A family saga set in Bavaria after WW2: Greed, money, politics, religion and redemption. A family business as metaphor & a plea for humanity. 
What are your current projects? 
A TIME TO LET GO is currently in the final stages of editing. It is a contemporary family drama in which the mother’s Alzheimer’s disease forces the family dynamics to change.
IN SEARCH OF A REVOLUTION (working title) is a Scandinavian war drama taking place between 1918 and 1950 in Denmark, Finland, Russia and Norway. 
Name one entity that you feel supported you outside of family members. 
Daz Simpson and his company He is a good friend of mine and he pushed me to publish my book, designs the covers for me and helps with the running of my blog / web pages by telling me about all the latest “things” that should be on there. 
Do you see writing as a career? 
Yes. It has become more than just a hobby. 
What are your hobbies when you're not writing? 
Reading, running, walking the dogs, Tai Chi, Meditation, swimming, history, philosophy, psychology, a little bit of gardening, entertaining friends, board games and cheesy pop. 
Describe yourself in 5 words. 
Caring, mischievous, passionate, sensitive and grumpy. 
Why did you want to become a writer? 
I never wanted to become a writer until the stories surprisingly found me. I was lucky to have had the time to write them down and work on them. Luck pushed me in this unexpected direction. When I finished the stories I wanted to publish the books because I believe they hold something interesting for others. 
What did it feel like when you found out you were going to be published for the first time? 
Scary and excited. 
Where and when do you write? 
I write best in the early morning hours, before anyone else is up, in a secluded part of the house. 
What's the worst summer job you've ever had? 
I worked in a lot of museums and libraries, but I loved all of my jobs. 

Please tell us a little about the books

The Luck of the Weissensteiners (Three Nations Trilogy Book 1)

In the sleepy town of Bratislava in 1933 a romantic girl falls for a bookseller from Berlin. Greta Weissensteiner, daughter of a Jewish weaver, slowly settles in with the Winkelmeier clan just as the developments in Germany start to make waves in Europe and re-draws the visible and invisible borders. The political climate in the multifaceted cultural jigsaw puzzle of disintegrating Czechoslovakia becomes more complex and affects relations between the couple and the families. The story follows them through the war with its predictable and also its unexpected turns and events and the equally hard times after.
But this is no ordinary romance; in fact it is not a romance at all, but a powerful, often sad, Holocaust story. What makes The Luck of the Weissensteiners so extraordinary is the chance to consider the many different people who were never in concentration camps, never in the military, yet who nonetheless had their own indelible Holocaust experiences. This is a wide-ranging, historically accurate exploration of the connections between social location, personal integrity and, as the title says, luck.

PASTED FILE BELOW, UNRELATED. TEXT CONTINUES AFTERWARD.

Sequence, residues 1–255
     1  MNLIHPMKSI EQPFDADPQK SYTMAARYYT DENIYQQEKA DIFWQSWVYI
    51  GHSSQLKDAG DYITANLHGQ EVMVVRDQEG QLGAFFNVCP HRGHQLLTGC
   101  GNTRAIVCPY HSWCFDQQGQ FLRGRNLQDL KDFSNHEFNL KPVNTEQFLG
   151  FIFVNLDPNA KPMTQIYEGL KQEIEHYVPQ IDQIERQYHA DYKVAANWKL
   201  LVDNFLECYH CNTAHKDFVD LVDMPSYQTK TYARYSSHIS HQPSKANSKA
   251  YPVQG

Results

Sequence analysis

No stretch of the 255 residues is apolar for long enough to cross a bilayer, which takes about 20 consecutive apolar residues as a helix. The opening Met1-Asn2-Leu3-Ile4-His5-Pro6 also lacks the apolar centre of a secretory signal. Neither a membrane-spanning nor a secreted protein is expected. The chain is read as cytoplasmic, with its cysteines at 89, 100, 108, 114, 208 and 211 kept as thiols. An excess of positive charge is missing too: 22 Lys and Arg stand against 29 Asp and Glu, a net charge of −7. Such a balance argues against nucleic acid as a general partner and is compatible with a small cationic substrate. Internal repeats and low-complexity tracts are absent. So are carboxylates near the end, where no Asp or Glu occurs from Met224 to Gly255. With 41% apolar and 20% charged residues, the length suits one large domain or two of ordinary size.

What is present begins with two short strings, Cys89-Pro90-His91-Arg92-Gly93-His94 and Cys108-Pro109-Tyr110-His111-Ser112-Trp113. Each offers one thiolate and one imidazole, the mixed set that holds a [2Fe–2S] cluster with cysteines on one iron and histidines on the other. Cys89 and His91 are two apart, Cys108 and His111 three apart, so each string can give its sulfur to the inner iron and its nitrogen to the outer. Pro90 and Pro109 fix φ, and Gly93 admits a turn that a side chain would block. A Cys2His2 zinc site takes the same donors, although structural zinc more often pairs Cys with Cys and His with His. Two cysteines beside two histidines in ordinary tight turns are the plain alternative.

On Amazon:
On Goodreads:

Sebastian (Three Nations Trilogy Book 2)

Sebastian is the story of a young man who has his leg amputated before World War I. When his father is drafted to the war it falls on to him to run the family grocery store in Vienna, to grow into his responsibilities, bear loss and uncertainty and hopefully find love.
Sebastian Schreiber, his extended family, their friends and the store employees experience the 'golden days' of pre-war Vienna and the timed of the war and the end of the Monarchy while trying to make a living and to preserve what they hold dear.
Fischer convincingly describes life in Vienna during the war, how it affected the people in an otherwise safe and prosperous location, the beginning of the end for the Monarchy, the arrival of modern thoughts and trends, the viennese class system and the end of an era.
As in the first part of the trilogy, "The Luck of The Weissensteiners" we are confronted again with themes of identity, Nationality and borders. The step back in time made from book 1 and the change of location from Slovakia to Austria enables the reader to see the parallels and the differences deliberately out of the sequential order. This helps to see one not as the consequence of the other, but to experience them as the momentary reality as it must have felt for the people at the time. 

On Goodreads:
On Facebook:

The Black Eagle Inn (Three Nations Trilogy Book 3)

The Black Eagle Inn is an old established Restaurant and Farm business in the sleepy Bavarian countryside outside of Heimkirchen.  Childless Anna Hinterberger has fought hard to make it her own and keep it running through WWII. Religion and rivalry divide her family as one of her nephews, Markus has got her heart and another nephew, Lukas got her ear. Her husband Herbert is still missing and for the wider family life in post-war Germany also has some unexpected challenges in store.
Once again Fischer tells a family saga with war in the far background and weaves the political and religious into the personal. Being the third in the Three Nations Trilogy this book offers another perspective on war, its impact on people and the themes of nations and identity.

On Facebook:
On Goodreads:

Thank you Christoph for a wonderful interview.
Where can the readers find you ?